Circulation 60,475 • Volume 15, No. 1 • Spring 2000

Saving Syringes Seems a Set-up for Drug Error Risk

Allan J. Schwartz, CRNA, DDS

To the Editor

Regarding the article on the sterility of IV medications drawn up into syringes (APSF Newsletter, Summer 1999), I must comment. From a patient safety standpoint, sterility is a secondary issue. The potential cost savings of using previously drawn-up drugs must be weighed against the possibility of “wrong-drug” administration, whether from an accident of medication handling or malicious tampering with labeled syringes. For example, the contents of a “clean” unused syringe labeled as pancuronium looks exactly the same as fentanyl and, also, potassium cloride.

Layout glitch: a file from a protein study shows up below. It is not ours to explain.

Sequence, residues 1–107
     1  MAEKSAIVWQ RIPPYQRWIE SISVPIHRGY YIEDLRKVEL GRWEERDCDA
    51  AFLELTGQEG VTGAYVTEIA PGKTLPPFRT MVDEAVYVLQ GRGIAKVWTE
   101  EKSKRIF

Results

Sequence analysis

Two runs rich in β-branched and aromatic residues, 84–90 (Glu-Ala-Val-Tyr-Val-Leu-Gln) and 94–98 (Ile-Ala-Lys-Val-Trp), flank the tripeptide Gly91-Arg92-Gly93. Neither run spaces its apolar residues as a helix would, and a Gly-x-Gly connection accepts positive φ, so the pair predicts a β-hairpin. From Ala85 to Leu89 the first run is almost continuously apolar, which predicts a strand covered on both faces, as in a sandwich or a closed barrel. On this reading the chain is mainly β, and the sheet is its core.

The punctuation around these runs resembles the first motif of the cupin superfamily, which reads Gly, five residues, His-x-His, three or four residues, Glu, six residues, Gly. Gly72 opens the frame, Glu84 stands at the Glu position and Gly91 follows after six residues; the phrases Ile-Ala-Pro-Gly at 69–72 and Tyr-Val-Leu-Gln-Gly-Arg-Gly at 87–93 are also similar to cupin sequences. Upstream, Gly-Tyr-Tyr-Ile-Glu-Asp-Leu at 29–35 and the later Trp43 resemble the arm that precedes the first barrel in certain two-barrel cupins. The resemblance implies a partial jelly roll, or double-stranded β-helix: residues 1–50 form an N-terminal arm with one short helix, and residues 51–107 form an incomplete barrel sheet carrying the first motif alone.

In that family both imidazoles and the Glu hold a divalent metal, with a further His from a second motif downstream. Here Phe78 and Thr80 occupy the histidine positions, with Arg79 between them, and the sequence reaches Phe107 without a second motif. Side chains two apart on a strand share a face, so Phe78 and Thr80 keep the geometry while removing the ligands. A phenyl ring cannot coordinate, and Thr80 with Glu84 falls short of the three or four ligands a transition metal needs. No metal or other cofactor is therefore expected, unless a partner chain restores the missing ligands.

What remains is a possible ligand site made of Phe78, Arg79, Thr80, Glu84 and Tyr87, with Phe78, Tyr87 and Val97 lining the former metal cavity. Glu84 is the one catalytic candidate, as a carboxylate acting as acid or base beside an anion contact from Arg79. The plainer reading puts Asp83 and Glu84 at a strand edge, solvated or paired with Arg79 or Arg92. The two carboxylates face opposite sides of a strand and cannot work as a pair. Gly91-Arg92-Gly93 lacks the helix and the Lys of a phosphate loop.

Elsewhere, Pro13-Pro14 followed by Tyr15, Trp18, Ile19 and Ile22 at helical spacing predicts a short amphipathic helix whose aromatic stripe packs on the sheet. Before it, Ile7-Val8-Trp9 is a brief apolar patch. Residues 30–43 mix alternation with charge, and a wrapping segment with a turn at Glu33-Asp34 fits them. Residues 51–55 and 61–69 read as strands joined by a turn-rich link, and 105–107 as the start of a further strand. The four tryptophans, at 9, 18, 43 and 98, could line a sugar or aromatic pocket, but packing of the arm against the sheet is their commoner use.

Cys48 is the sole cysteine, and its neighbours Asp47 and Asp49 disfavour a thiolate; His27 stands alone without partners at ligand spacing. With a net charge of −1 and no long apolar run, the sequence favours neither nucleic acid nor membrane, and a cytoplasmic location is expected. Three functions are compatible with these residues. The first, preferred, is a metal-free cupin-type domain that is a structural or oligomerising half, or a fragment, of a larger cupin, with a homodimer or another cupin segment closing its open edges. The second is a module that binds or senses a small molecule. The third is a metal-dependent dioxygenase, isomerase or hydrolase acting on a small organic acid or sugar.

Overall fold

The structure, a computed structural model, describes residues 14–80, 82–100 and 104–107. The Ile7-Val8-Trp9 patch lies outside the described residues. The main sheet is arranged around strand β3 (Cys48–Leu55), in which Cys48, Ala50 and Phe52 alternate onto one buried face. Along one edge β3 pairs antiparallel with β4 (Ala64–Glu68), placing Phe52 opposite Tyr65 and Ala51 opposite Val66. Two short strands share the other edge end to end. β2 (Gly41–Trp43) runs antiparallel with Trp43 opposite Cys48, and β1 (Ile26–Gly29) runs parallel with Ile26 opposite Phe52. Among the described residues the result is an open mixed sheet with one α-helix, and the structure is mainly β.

Unless drawn-up syringes intended for use later in the same day are very carefully stored and personally kept with the original anesthesia provider who filled them, they must be discarded. One patient death will quickly consume many times over any money saved by years (? decades) of trying to economize by holding over filled syringes in a casual manner.

Allan J. Schwartz, CRNA, DDS
Columbia, MO